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Joel in Australia – Sunshine & Clouds Tour

Sunshine & Clouds Tour – The Basement, Sydney (17th Jan, 2008)
Article by Max Easton

Local favourite Old Man River recently joined forces with Canada’s Joel Plaskett and The Whitlam’s Tim Freedman for the Sunshine & Clouds tour; a three man travelling revue backed by the Cuthbert & The Nightwalkers choir through January and early February. Luckily, this tour won’t go unrecorded, as Soulshine was there last Thursday at the Basement in Sydney for the seventh show of the tour.

… Plaskett receives a quiet reception as he fingers his guitar to play “a song for tonight and tomorrow morning,â€Â? the beautiful ‘Love This Town.’ As a solo man and an entertainer, he’s a genius. Mid-song banter laying a platform for his quirky lyrics, explaining their origins and giving his songs a sense of depth and humour unseen on his recorded work. He moves on to ‘Work Out Fine’ as he continues his on-stage discussion about traveling Australia before congratulating us for making wine that’s expensive (and thus, classy) on the other side of the world. The Nightwalkers choir enter for his third song, the elegant ‘Light of the Moon.’ The choir consists of four barely legal aged girls whom the obligatory heckler finds attractive, to which Plaskett says “you’re right, they are hot…but I can’t say that, you’ll get me in trouble.â€Â? Plaskett is honest, raw and real. His tales of the real world draw the audience into a grinning stupour, leaving no face untarnished by his infectious groove … ( click to read entire article)

The Basement is a unique little venue. Nestled in the heart of Sydney’s Circular Quay, it lays claim to hosting an array of esteemed musicians, from Prince to Paul Kelly amongst its antique styled mahogany bar and deep crimson backlighting. As you round the bar at the entrance, you’re reminded of a scaled down set of a 1940’s gangster flick. A grand piano, candlelit dinner tables and swanky crimson and blue mood-lighting sit before a raised stage, with the fashionable and the fan boys enjoying dinner before what will play host to three of today’s favourite songmen; East Coast Music Award (Canada) winning Joel Plaskett, local favourite Old Man River and one of Australia’s most celebrated lead men, The Whitlam’s Tim Freedman all backed by the Nightwalkers choir of Cuthbert and the Nightwalkers fame.

Freedman’s ‘good evening’ call and the dulling of the lights do little to ease the collective murmurs of those on their Thursday night out, as the waiting staff rush to clear plates and glasses before the start of the show. A few strokes of the piano later and the crowd hushes as Freedman announces that he drew the short straw to open, so “we can get the songs of drunken heartbreak out of the way early.� The ceiling fans blow candle flames into a steady flicker as the night’s couples draw themselves closer together. As Freedman plays ‘Beauty in Me’ it’s easy to see his comfort in such a venue, this type of show is him in his element and the crowd eats up his opening two tracks before the introduction of the import of the evening; Joel Plaskett, grabbed from Halifax, Nova Scotia and towed around the country for the Sunshine & Clouds tour.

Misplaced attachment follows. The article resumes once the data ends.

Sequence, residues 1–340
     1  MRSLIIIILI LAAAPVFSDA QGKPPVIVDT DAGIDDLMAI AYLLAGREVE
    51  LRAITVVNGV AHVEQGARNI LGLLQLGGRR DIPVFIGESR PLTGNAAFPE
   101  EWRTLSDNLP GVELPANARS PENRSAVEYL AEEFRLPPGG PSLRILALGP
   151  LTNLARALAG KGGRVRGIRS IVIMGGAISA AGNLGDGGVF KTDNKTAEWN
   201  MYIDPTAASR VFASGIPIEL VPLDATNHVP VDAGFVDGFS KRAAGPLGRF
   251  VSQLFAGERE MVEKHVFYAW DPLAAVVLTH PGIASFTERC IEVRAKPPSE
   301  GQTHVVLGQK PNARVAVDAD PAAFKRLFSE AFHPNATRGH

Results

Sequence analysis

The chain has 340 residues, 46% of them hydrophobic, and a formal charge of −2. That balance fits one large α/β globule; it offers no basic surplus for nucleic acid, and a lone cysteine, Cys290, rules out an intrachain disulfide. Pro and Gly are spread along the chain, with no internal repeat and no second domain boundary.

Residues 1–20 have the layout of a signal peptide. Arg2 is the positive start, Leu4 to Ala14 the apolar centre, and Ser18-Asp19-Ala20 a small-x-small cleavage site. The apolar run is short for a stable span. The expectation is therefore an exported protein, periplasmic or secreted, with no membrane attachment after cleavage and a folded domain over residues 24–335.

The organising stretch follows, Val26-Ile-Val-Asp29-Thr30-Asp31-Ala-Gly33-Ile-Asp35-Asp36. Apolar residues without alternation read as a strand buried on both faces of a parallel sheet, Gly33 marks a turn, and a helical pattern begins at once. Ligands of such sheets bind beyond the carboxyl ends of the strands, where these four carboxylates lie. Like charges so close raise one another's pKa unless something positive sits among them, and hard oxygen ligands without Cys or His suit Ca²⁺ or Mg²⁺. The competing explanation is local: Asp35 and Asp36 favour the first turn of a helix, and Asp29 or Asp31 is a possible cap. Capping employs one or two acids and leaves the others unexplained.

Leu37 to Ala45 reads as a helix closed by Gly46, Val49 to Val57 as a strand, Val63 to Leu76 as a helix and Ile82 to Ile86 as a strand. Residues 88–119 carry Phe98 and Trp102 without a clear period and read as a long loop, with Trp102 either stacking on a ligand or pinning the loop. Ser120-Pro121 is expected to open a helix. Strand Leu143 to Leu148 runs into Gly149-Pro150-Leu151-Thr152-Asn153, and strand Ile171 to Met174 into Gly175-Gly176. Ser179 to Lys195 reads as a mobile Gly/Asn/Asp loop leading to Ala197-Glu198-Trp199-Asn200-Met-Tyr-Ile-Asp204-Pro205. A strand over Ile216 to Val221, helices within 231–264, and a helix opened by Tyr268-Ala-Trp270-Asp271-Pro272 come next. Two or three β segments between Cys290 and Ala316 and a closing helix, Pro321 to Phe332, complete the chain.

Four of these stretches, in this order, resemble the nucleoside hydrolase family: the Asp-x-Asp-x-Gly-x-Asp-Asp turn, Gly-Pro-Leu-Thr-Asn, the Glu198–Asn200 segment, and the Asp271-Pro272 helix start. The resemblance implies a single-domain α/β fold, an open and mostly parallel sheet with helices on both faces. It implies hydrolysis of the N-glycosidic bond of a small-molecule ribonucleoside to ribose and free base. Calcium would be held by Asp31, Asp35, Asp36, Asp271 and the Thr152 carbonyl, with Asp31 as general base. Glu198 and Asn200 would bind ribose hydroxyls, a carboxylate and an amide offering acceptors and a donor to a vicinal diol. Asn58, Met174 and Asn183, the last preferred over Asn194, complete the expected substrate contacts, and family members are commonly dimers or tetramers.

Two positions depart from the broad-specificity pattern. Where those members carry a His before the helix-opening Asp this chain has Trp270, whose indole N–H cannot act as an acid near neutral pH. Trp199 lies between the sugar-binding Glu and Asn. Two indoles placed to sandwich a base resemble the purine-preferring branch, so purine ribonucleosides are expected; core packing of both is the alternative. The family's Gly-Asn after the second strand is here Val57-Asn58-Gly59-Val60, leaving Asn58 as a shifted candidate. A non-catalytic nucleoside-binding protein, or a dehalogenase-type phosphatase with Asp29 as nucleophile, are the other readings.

Plaskett receives a quiet reception as he fingers his guitar to play “a song for tonight and tomorrow morning,� the beautiful ‘Love This Town.’ As a solo man and an entertainer, he’s a genius. Mid-song banter laying a platform for his quirky lyrics, explaining their origins and giving his songs a sense of depth and humour unseen on his recorded work. He moves on to ‘Work Out Fine’ as he continues his on-stage discussion about traveling Australia before congratulating us for making wine that’s expensive (and thus, classy) on the other side of the world. The Nightwalkers choir enter for his third song, the elegant ‘Light of the Moon.’ The choir consists of four barely legal aged girls whom the obligatory heckler finds attractive, to which Plaskett says “you’re right, they are hot…but I can’t say that, you’ll get me in trouble.� Plaskett is honest, raw and real. His tales of the real world draw the audience into a grinning stupour, leaving no face untarnished by his infectious groove.

The departure of Plaskett seamlessly blends into the entrance of Old Man River (Ohad Rein,) who at first struggles to remove the sense of disappointment that comes with Plaskett’s absence. In no time though, the tabled heads are bobbing in time to Ohad’s laidback crooning roots sound for ‘Watching It All.’ He lacks the charisma of Plaskett but isn’t short on great tunes, as he unplugs for ‘The Waiting Song,’ pulling up a chair and standing amongst the tables: irritating the aforementioned heckler, amplifying the clashes and clanks of the kitchen staff while also bringing a calm across the audience as they fall into silence. The added touch of the Nightwalkers entering from backstage to supply breezy moans is one of the sweeter moments of the night, as the repetitive clanking wobble of the high speed fans is drowned out by the backing vocals.